so, in january the japanese celebrate coming of age day, which is to say, to celebrate all the new adults in japan. the age one becomes an adult is 20, so anyone who has turned twenty in the past year gets a ceremony (which appears to be a boring speech, but hey, at least the new adults get to dress up! usually kimonos for the girls, and suits for the guys, though some young men have taken to wearing hakama). some cities provide a goody bag (i think; my kids are so young, i have no real idea what this coming of age thing is all about) so at least they get something out of sitting through a boring speech!
anyway, what's the point? ah, yes, the kindergarten also has a coming of age day....that is to say, a ceremony for the second year students (presumably, they are five, 1/4 of the way to an adult) and *required* a parent to be there. *sigh* it was a monday, and i had planned on going to the movies (by myself!!) and was therefore surprised when the bus teacher told a reluctant sasha that mommy would be at school today. say what? *sigh* it was ok, though, and the dresses they put on the girls were lovely. they actually had two ceremonies, april to august birthdays in the morning, and the rest of the year in the afternoon (october to march). it was pretty fricken boring, i'm not going to lie. i was amused, though, because sasha lip-synched the song at the beginning. i was afraid she wouldn't make her speech (each child came to the microphone, said their name and what group they were in (i don't know the group thing, it wasn't their class) and then what they wanted to be when they grow up) but she let us all know that she wants to be a cake baker when she grows up.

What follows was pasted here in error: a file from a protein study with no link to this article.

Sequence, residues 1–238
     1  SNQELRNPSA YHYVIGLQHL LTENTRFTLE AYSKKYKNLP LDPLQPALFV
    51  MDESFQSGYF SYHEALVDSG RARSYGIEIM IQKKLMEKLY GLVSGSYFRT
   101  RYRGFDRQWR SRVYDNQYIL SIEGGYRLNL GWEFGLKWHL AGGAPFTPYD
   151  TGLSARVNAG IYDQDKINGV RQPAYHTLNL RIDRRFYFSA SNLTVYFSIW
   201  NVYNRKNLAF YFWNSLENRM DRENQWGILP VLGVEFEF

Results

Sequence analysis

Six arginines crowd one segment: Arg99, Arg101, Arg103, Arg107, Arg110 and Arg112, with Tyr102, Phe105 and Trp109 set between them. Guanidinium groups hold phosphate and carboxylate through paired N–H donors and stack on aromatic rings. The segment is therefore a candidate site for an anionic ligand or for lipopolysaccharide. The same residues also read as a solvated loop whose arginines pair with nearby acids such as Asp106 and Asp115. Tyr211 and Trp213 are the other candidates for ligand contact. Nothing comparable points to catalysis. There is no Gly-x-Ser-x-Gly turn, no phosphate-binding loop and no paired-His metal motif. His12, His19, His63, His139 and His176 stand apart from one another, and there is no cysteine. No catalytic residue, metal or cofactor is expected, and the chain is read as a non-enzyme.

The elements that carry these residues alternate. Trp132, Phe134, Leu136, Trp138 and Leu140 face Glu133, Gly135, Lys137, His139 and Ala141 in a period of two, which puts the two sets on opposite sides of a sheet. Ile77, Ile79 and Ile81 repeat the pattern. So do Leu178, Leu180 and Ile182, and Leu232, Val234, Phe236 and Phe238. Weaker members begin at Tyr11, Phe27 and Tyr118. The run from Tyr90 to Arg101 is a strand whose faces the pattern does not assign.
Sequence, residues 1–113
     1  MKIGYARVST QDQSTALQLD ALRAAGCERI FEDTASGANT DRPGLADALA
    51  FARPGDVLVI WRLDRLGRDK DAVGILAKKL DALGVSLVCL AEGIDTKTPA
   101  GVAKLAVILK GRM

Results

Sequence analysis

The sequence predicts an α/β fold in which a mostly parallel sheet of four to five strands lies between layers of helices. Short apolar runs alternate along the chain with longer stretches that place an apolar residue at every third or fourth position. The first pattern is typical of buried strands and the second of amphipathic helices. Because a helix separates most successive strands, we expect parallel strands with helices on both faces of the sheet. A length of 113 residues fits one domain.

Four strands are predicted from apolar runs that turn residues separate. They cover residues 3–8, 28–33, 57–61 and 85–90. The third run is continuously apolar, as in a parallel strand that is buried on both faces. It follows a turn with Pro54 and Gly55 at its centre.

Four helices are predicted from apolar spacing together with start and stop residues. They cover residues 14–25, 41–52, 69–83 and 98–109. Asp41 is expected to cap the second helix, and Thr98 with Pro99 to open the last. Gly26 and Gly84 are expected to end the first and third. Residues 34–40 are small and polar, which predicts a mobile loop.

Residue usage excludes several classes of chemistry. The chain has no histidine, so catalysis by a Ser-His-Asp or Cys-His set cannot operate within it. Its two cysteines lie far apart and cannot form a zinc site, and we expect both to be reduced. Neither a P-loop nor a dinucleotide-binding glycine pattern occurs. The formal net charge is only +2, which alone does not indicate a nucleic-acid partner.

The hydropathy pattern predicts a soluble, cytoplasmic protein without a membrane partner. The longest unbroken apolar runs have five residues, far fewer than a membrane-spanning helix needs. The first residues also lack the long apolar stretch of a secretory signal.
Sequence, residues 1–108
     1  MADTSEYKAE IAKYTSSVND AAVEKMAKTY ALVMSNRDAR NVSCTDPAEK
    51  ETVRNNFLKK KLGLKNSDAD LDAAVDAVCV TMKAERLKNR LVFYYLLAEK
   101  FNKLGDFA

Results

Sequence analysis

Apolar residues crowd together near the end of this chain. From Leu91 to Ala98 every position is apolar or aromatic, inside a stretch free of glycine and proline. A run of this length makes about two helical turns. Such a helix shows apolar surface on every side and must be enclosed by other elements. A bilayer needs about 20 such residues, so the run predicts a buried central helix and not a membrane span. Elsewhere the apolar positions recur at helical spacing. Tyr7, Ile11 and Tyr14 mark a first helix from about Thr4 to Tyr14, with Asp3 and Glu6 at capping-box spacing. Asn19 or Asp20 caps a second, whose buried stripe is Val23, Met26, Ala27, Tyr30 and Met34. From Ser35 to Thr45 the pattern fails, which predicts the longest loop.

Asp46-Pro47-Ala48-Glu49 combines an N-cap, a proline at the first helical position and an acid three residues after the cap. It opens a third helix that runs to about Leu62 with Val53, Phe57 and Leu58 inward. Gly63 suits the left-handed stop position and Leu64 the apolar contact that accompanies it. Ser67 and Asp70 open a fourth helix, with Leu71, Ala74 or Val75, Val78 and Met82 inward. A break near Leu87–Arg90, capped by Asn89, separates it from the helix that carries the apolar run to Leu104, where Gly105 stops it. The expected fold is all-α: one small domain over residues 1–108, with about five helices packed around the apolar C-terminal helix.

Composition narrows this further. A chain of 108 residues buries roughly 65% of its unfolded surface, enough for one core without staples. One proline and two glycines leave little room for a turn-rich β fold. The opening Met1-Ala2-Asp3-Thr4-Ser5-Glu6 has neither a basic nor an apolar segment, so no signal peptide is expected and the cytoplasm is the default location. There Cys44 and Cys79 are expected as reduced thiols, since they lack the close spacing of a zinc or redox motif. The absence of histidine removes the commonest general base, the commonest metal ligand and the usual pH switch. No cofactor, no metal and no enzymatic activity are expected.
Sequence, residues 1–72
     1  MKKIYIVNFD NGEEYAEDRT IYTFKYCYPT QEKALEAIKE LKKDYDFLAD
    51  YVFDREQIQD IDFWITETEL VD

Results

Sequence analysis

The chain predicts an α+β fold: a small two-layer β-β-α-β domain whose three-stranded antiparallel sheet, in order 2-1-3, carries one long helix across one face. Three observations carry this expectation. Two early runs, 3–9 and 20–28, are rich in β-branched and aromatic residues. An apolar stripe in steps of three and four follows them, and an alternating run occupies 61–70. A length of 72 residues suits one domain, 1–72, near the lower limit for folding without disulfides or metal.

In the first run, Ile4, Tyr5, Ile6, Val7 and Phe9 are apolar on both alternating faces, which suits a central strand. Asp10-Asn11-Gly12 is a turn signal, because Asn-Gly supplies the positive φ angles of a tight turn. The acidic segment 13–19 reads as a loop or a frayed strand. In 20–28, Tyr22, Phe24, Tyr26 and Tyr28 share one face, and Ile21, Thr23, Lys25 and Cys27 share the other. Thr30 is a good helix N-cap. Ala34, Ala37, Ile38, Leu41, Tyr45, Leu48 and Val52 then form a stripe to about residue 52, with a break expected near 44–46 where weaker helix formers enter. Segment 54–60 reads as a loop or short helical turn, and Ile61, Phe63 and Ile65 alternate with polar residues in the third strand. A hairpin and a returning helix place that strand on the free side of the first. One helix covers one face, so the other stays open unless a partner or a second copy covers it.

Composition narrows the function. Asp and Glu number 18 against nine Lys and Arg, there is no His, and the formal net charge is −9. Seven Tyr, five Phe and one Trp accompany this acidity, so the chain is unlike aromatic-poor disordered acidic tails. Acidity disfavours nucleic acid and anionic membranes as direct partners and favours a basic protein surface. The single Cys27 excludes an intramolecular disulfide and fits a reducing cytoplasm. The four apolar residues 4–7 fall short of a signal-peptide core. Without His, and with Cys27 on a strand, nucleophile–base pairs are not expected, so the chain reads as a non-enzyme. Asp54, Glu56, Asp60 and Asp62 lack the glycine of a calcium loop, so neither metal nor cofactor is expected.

here are some photos:
sasha and her best friend from last year. they are in different classes this year.
so, the reason a parent had to be there? each child had made a magnet representing what he or she wanted to be when they grow up, and gave this present to their parent. this is what sasha made: